A celestial event may be a rare or recurring astronomical phenomenon of interest that involves one or more celestial objects. Some examples of celestial events include the blue moon, solar and lunar eclipses, meteor showers, comet flybys, cyclical phases of the moon, and much more!
These occurrences are best viewed away from bright city lights with visibility highly dependent on location, cloud cover and weather conditions.
Free sky maps What's in the sky this month at Star Date.
Lyrids Meteor Shower
The Lyrids is an average shower, usually producing about 20 meteors per hour at its peak. It peaks this year on the night of April 22nd and morning of the 23rd. These meteors can sometimes produce bright dust trails that last for several seconds. The first quarter moon will set shortly after midnight, leaving dark skies for the what could be a good show. Best viewing will be from a dark location after midnight. Meteors will radiate from the constellation Lyra, but can appear anywhere in the sky.
Mercury at Greatest Western Elongation
The planet Mercury reaches greatest western elongation of 27 degrees from the sun. This is the best time to view Mercury since it will be at its highest point above the horizon in the morning sky. Look for the planet low in the eastern sky just before sunrise.
The Eta Aquarids is an above average shower capable of producing up to 60 meteors per hour at its peak. Most of the activity is seen in the southern hemisphere. In the northern hemisphere, the rate can reach about 30 meteors per hour. It peaks this year on the night of May 6th and the morning of May 7th. The waning gibbous moon will block most of the fainter meteors this year, but you should be able to catch quite a few good ones if you are patient. Best viewing will be from a dark location after midnight. Meteors will radiate from the constellation Aquarius, but can appear anywhere in the sky.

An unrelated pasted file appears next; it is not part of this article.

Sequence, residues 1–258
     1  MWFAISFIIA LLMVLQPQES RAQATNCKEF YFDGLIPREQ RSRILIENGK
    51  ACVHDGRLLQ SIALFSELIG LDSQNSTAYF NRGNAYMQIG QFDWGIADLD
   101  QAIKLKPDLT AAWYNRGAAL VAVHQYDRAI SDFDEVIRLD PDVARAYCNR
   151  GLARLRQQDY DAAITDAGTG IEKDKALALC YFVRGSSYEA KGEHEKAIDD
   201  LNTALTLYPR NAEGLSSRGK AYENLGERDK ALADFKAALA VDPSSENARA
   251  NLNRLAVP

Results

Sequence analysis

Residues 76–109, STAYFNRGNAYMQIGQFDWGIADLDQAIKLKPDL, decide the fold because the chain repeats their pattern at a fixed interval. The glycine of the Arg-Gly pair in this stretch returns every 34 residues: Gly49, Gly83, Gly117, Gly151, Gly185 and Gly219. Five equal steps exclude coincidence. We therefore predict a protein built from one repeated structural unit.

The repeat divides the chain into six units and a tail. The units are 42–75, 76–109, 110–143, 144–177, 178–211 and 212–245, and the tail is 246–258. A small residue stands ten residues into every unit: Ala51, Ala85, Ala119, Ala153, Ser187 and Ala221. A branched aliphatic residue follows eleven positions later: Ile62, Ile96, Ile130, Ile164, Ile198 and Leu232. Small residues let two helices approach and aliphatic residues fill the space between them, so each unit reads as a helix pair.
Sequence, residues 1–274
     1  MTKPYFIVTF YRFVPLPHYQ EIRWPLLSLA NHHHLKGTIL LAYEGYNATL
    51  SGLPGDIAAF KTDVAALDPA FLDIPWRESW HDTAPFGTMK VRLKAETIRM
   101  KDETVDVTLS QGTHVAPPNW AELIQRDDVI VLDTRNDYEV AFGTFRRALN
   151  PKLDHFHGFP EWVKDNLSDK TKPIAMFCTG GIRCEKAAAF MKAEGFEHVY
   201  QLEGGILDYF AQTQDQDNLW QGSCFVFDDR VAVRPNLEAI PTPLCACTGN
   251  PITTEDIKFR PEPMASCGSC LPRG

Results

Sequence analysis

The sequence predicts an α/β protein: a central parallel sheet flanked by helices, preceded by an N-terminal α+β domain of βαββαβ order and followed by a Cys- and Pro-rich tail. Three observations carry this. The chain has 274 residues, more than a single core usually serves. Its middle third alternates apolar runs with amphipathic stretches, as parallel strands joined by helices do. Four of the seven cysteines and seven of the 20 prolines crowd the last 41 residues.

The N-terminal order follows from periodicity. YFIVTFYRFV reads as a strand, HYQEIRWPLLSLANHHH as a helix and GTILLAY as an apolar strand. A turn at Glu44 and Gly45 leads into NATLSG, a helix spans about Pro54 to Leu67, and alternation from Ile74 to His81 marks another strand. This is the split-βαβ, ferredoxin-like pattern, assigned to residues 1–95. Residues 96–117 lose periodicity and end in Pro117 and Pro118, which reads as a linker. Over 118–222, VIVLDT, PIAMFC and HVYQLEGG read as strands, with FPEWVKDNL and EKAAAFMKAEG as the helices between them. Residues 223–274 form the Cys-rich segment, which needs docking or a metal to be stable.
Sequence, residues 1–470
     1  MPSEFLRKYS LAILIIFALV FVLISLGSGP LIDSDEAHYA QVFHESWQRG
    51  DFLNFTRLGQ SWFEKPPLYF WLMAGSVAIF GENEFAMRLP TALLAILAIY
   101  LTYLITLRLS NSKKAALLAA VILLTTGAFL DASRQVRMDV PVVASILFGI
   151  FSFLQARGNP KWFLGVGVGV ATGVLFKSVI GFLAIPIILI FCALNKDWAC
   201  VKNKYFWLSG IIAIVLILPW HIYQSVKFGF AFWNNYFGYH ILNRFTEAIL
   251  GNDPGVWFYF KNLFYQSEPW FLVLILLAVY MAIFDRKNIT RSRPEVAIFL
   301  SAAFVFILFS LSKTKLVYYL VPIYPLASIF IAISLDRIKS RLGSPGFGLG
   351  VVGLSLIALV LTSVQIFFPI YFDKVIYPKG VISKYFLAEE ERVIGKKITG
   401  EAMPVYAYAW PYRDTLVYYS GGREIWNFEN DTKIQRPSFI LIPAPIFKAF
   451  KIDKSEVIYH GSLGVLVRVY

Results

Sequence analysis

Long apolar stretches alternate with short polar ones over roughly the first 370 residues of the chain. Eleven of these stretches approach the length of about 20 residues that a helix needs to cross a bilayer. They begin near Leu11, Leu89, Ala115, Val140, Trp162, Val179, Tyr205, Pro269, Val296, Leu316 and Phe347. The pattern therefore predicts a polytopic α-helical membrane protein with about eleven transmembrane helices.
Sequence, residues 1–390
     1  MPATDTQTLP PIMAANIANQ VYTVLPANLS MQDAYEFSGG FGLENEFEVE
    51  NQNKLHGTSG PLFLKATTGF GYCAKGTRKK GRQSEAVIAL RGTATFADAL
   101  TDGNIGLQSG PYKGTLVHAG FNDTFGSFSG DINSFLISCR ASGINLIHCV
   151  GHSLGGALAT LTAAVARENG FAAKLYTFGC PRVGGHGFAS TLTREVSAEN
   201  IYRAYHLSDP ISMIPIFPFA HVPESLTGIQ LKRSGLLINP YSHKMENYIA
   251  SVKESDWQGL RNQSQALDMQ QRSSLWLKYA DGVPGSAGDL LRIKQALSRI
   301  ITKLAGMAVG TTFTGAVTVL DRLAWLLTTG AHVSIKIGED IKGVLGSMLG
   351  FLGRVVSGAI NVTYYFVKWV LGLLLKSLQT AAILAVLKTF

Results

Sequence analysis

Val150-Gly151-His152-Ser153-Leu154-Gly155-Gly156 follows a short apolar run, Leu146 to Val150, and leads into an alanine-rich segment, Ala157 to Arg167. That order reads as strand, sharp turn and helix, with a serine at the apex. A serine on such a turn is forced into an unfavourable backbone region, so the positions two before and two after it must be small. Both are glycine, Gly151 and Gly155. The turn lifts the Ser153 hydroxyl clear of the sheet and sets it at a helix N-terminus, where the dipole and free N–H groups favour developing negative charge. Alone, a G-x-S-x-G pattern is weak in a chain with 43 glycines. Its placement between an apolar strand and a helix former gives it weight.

Jupiter at Opposition
The giant planet will be at its closest approach to Earth and its face will be fully illuminated by the sun. It will be brighter than any other time of the year and will be visible all night long. This is the best time to view and photograph Jupiter and its moons. A medium-sized telescope should be able to show you some of the details in Jupiter’s cloud bands. A good pair of binoculars should allow you to see Jupiter’s four largest moons, appearing as bright dots on either side of the planet.